Found a typo? Is this solution unclear? Let us know here.
Please rate my easiness! It's quick and helps everyone guide their studies.
We are not going to multiply A with itself a hundred times, at least not directly. Instead, we are going to diagonalize A first, because the 100th power of a diagonal matrix is much easier to calculate. Indeed, if D is the diagonal matrix corresponding to A (i.e. is a matrix with the eigenvalues of A on the diagonal), and if T is the transformation matrix of eigenvectors of A, then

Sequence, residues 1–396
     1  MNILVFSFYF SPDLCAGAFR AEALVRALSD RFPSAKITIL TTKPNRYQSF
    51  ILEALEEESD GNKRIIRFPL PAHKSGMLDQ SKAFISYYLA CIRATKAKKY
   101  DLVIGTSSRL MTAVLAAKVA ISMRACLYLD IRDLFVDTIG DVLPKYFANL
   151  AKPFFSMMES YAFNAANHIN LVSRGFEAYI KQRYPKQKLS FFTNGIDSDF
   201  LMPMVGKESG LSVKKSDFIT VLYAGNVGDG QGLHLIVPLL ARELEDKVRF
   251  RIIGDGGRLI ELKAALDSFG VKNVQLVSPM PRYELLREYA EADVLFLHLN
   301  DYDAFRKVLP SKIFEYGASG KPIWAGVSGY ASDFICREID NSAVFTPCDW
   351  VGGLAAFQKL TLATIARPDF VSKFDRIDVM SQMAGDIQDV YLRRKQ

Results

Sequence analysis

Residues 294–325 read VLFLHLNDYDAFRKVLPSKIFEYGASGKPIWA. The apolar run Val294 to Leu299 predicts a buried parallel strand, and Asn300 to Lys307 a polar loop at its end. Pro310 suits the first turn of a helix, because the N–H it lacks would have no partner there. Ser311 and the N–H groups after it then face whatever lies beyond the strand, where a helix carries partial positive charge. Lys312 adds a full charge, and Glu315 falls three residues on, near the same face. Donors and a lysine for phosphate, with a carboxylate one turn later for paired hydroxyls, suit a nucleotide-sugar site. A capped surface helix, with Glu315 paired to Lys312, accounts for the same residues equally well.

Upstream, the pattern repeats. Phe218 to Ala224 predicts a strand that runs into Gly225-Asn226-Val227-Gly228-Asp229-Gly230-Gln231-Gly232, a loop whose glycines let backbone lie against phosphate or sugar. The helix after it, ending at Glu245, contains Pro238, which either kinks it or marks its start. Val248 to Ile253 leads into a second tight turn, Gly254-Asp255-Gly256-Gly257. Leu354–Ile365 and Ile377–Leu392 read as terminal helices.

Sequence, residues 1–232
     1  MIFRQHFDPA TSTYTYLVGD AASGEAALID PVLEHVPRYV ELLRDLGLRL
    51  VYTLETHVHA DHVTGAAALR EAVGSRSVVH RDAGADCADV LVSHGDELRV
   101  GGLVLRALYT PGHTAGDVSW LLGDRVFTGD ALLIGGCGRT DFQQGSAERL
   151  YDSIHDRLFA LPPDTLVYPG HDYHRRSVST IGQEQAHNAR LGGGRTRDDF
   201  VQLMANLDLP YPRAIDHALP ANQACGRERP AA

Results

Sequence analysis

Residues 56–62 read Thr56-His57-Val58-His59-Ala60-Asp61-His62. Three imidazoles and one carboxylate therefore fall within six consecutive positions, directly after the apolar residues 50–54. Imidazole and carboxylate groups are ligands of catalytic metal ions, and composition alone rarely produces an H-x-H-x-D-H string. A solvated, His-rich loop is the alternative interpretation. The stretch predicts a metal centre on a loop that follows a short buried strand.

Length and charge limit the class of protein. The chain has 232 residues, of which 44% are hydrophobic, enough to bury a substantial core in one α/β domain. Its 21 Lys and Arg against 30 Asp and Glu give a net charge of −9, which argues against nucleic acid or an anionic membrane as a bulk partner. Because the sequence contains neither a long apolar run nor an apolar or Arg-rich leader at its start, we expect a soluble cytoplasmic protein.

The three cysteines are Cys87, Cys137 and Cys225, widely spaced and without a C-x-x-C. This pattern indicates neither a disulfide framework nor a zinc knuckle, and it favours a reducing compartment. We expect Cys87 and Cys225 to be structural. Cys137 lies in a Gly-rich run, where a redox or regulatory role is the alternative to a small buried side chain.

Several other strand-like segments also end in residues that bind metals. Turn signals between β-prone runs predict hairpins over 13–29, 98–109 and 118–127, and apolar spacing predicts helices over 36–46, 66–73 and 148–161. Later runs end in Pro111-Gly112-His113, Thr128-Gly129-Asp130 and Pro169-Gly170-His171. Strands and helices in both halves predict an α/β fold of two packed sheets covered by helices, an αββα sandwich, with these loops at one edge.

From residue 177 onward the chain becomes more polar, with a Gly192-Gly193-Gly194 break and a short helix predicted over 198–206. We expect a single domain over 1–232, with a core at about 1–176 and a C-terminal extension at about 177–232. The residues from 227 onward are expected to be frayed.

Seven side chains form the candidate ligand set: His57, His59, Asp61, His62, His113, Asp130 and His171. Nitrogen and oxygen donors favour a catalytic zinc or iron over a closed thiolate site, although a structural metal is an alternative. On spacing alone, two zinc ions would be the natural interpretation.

So let's find D, T and T -1. We need the eigenvalues and eigenvectors of A, so we calculate the roots of the characteristic polynomial :
And so the eigenvalues are 1/2, -1/3 and 1.
We compute an eigenvector for each eigenvalue using row reduction on the system .
For λ = 1 we have the system
And so this eigenspace is spanned by the eigenvector [2, 3, 3].
For λ = 1/2 we have the system
And so this eigenspace is spanned by the eigenvector [1, -1, 0].
For λ = -1/3 we have the system
And so this eigenspace is spanned by the eigenvector [2, 3, -5].
Using this basis of eigenvectors, we have that
We need now to compute the inverse of the matrix T. We obtain
So we can compute x100
As n becomes very large, xn approaches